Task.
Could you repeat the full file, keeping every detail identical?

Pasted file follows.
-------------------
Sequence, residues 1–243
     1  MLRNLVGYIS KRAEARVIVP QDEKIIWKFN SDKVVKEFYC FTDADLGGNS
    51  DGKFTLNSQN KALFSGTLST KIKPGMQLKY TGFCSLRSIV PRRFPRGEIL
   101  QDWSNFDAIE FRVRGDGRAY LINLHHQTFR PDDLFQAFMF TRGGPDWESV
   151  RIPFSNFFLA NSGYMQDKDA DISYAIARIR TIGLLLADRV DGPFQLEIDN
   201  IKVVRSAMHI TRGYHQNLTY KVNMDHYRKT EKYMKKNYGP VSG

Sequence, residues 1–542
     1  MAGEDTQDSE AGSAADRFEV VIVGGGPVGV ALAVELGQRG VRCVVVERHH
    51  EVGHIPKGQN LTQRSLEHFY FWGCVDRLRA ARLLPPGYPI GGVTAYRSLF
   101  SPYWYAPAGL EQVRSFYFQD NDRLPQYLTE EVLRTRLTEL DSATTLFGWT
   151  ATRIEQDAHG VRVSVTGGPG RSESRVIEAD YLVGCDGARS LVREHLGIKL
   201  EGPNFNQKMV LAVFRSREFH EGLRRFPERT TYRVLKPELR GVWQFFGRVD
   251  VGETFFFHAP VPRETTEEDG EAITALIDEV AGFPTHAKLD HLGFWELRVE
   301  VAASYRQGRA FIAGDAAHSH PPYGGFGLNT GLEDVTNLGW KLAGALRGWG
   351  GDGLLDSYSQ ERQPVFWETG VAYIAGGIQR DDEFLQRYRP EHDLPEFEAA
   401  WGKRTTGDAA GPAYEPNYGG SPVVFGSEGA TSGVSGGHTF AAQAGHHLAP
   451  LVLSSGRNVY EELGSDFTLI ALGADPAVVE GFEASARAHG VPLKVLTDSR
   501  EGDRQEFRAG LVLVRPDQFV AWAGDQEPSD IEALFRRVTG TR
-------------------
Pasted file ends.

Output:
Sequence, residues 1–243
     1  MLRNLVGYIS KRAEARVIVP QDEKIIWKFN SDKVVKEFYC FTDADLGGNS
    51  DGKFTLNSQN KALFSGTLST KIKPGMQLKY TGFCSLRSIV PRRFPRGEIL
   101  QDWSNFDAIE FRVRGDGRAY LINLHHQTFR PDDLFQAFMF TRGGPDWESV
   151  RIPFSNFFLA NSGYMQDKDA DISYAIARIR TIGLLLADRV DGPFQLEIDN
   201  IKVVRSAMHI TRGYHQNLTY KVNMDHYRKT EKYMKKNYGP VSG

Sequence, residues 1–542
     1  MAGEDTQDSE AGSAADRFEV VIVGGGPVGV ALAVELGQRG VRCVVVERHH
    51  EVGHIPKGQN LTQRSLEHFY FWGCVDRLRA ARLLPPGYPI GGVTAYRSLF
   101  SPYWYAPAGL EQVRSFYFQD NDRLPQYLTE EVLRTRLTEL DSATTLFGWT
   151  ATRIEQDAHG VRVSVTGGPG RSESRVIEAD YLVGCDGARS LVREHLGIKL
   201  EGPNFNQKMV LAVFRSREFH EGLRRFPERT TYRVLKPELR GVWQFFGRVD
   251  VGETFFFHAP VPRETTEEDG EAITALIDEV AGFPTHAKLD HLGFWELRVE
   301  VAASYRQGRA FIAGDAAHSH PPYGGFGLNT GLEDVTNLGW KLAGALRGWG
   351  GDGLLDSYSQ ERQPVFWETG VAYIAGGIQR DDEFLQRYRP EHDLPEFEAA
   401  WGKRTTGDAA GPAYEPNYGG SPVVFGSEGA TSGVSGGHTF AAQAGHHLAP
   451  LVLSSGRNVY EELGSDFTLI ALGADPAVVE GFEASARAHG VPLKVLTDSR
   501  EGDRQEFRAG LVLVRPDQFV AWAGDQEPSD IEALFRRVTG TR